C1856

Map to Illustrate The Report of an expedition into The interior of Western Australia, in 1854 By Robert Austin Assistant Surveyor.

Rare map recording Robert Austin’s expedition in 1854 which explored the large lakes inland from Geraldton known as “Cow-Cow-ing“, before heading north through the interior, where Mount Magnet was discovered and named. They intended to reach the coast at Shark … Read Full Description

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S/N: RGS-5635-WA–228241
(C092)
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Details

Full Title:

Map to Illustrate The Report of an expedition into The interior of Western Australia, in 1854 By Robert Austin Assistant Surveyor.

Date:

C1856

Condition:

In good condition with folds as issued.

Technique:

Lithgraph with original hand colouring

Image Size: 

160mm 
x 200mm

Paper Size: 

192mm 
x 213mm
AUTHENTICITY
Map to Illustrate The Report of an expedition into The interior of Western Australia, in 1854 By Robert Austin Assistant Surveyor. - Antique Map from 1856

Genuine antique
dated:

1856

Description:

Rare map recording Robert Austin’s expedition in 1854 which explored the large lakes inland from Geraldton known as “Cow-Cow-ing“, before heading north through the interior, where Mount Magnet was discovered and named. They intended to reach the coast at Shark Bay, but were driven back by heat, fatigue, lack of water, and the loss of a number of their horses at Poison Rock. They were eventually forced to return to the coast along the Murchison River. The expedition reported large areas of land that were potentially gold-bearing, but nothing suitable for pastoral settlement. 

Sir,—I have the honour to submit, for your examination and approval, and for the information of His Excellency the Governor, the following Report, briefly explaining the operations of the Expedition to Shark Bay; and advertising to the geological structure, natural productions, water-parting, and general character of the interior of this colony to the N. and E. of the settled districts, and towards the Gascoigne River, described in the accompanying maps and journals, and explored by the party under my command, in pursuance of instructions received, by direction of His Excellency, from the Honourable the Colonial Secretary, dated 14th June, 1854, detailing the objects the Government had in view in despatching the Expedition, pointing out the course proposed for their attainment, and leaving me at liberty to pursue a different route, if I saw a corresponding advantage likely to accrue from any deviation therefrom; provided I formed my plan subject to reaching the mouth of the Gascoigne, if possible, to meet the ship there at the appointed time.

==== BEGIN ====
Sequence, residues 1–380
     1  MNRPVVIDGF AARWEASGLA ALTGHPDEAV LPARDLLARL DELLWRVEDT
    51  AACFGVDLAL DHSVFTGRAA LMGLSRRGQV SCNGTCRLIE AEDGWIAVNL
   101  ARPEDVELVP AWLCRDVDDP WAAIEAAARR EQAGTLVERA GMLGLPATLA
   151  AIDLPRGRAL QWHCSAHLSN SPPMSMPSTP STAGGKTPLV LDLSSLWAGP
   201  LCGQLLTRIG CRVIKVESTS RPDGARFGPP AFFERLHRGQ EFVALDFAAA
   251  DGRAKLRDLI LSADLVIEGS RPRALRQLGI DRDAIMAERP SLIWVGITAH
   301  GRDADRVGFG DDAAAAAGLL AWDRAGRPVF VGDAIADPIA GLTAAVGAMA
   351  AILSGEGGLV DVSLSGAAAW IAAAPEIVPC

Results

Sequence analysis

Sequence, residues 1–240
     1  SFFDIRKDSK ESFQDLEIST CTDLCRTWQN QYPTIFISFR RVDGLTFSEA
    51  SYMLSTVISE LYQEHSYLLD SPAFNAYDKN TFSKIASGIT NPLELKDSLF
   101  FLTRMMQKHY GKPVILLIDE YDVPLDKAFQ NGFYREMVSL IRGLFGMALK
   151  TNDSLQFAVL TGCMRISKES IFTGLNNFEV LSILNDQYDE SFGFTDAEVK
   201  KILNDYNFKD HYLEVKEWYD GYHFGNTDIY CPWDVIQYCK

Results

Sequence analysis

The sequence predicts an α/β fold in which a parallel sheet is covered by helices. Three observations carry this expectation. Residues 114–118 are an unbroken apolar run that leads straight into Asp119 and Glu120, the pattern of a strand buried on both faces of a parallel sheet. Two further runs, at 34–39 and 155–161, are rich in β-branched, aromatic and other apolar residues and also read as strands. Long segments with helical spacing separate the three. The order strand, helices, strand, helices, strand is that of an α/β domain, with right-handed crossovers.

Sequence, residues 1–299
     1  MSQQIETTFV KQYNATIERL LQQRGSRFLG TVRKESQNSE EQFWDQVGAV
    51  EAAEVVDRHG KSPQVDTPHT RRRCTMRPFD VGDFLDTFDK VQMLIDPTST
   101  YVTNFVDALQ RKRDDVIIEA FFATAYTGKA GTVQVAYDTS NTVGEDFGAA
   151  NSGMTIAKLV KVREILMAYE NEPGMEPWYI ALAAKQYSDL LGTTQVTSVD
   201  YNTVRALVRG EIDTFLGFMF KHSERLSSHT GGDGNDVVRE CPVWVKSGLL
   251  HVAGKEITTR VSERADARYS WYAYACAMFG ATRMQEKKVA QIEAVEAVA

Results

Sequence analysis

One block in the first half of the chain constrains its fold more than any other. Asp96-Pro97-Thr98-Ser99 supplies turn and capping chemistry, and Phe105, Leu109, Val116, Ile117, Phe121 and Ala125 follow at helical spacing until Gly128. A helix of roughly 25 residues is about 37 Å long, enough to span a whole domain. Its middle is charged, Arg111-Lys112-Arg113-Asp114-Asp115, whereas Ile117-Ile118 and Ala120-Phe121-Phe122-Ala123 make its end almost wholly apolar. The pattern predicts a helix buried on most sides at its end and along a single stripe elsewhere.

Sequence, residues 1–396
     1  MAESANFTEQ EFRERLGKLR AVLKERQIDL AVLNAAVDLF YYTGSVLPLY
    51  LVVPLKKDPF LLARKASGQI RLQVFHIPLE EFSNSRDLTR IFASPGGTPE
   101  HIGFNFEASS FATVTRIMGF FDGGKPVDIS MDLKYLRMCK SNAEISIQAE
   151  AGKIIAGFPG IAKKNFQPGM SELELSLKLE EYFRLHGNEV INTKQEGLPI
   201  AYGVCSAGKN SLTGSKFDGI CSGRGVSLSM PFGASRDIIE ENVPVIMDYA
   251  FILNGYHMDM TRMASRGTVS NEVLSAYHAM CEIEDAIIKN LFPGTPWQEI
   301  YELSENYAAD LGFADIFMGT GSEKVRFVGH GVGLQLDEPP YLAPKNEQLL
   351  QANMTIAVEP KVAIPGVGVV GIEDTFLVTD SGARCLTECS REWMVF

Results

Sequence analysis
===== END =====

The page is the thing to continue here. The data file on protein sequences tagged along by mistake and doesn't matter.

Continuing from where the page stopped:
July 1854 -The exploring party, under my command, consisted of ten men with twenty-seven horses, with one hundred and twenty days’ provisions, accompanied by Mr. Woodward, who placed himself, with Mr. Chidlow’s team, escorted by two men, for whom he brought forty days’ rations, under my orders, to proceed to Cow-cowing, and convey my report of that country to head-quarters. We left Mombekine, 14 m. N.E. by N. from Northam, on the 10th July, and proceeded by way of Youlanging, where we crossed the Salt River; travelling on a course N. 60° E., through gum-forests and sand-plains 15 m., to Goomalling, a spring and streamlet, at the S. end of a belt of granite country about 5 m. long and 3 m. wide, trending N., containing eight thousand acres of second-rate land, suitable for a horse run, watered by several streams flowing into the tributary plains of the Mortlock, or Salt River, and surrounded by scrubby sand-plains.

Collections:
National Library of Australia: ID 48088385

 

John Arrowsmith (1790 - 1873)

Arrowsmith was an important English cartographer who flourished at a time of rapid British colonial expansion. Arrowsmith was born at Winston, County Durham. In 1810 he moved to London and worked his uncle Aaron Arrowsmith in his mapmaking business in London. After his uncle died in 1823 he set up on his own account. A founding member of the Royal Geographical Society 4th August 1830 and became unofficial cartographer for the society for forty three years. He took over the old Arrowsmith premises at 10 Soho Square after the death of his cousin Samuel Arrowsmith in 1839, buying the old Arrowsmith plates, manuscripts and copyrights at auction.

View other items by John Arrowsmith

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